Criminals have shown resilience to previous attempts to curb trafficking. The huge profits gained from trafficking have almost certainly motivated them to innovate and find creative ways to avoid detection. Governments in the region and globally have also not developed effective policies to combat trafficking, while regional cooperation and intelligence sharing appear to be minimal. For example, the judiciary in Costa Rica recently announced an investigation into an alleged government deal with drug cartels to curb violence in exchange for not obstructing trafficking operations.

Traffickers adapting smuggling methods

Concealment in legal cargo is becoming an increasingly attractive way to conceal drugs, according to the UNODC. Rather than risk detection by concealing drugs in private, irregular transport, traffickers have sought to hide their activities within the everyday global flow of imports and exports. This involves creative measures to avoid detection and the use of insiders, such as port workers, shipping crew or customs officials, both in Latin America and Mexico and at destinations, mainly the US and Europe.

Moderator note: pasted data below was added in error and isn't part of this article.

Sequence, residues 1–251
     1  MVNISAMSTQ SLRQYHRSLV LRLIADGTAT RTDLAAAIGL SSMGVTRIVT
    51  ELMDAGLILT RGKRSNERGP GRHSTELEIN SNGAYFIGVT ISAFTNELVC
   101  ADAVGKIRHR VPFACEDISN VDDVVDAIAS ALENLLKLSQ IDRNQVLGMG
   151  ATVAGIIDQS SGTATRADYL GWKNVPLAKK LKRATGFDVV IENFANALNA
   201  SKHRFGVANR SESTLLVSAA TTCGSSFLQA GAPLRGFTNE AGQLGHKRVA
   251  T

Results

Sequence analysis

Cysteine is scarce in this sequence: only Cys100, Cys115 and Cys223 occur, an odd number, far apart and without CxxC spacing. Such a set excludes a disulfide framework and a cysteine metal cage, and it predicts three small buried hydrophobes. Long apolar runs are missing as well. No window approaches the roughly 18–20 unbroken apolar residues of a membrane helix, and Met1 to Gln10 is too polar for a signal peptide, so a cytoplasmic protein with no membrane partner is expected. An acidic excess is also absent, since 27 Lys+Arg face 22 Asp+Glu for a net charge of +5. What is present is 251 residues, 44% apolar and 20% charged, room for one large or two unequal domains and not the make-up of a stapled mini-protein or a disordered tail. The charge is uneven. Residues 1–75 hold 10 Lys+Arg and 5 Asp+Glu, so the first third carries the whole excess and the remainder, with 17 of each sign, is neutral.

The most common way to conceal drugs in products is through low-cost goods shipments for which there is poor security. Agricultural goods appear to be the most common legal cargo targeted; as the region’s biggest export, there are regular and large volumes of transnational shipments for traffickers to exploit. Criminals have reportedly set up front companies to completely control the operation. In September, the Ecuadorian government suspended the export licences of around 50 banana companies for this reason.

Illicit drug cargo is not always immediately detectable. Drug traffickers are using chemical camouflaging, based on police discoveries of laboratories across Europe. This involves using complex chemical processes to hide cocaine by infusing it onto legal cargo; the UNODC said cocaine has been discovered in ‘beeswax, plastics, herbs, charcoal and various liquids’. At its destination, the drug is then separated. In one example, police in Cartagena, Colombia, reportedly seized almost 20,000 coconuts filled with ‘liquid cocaine’ last year.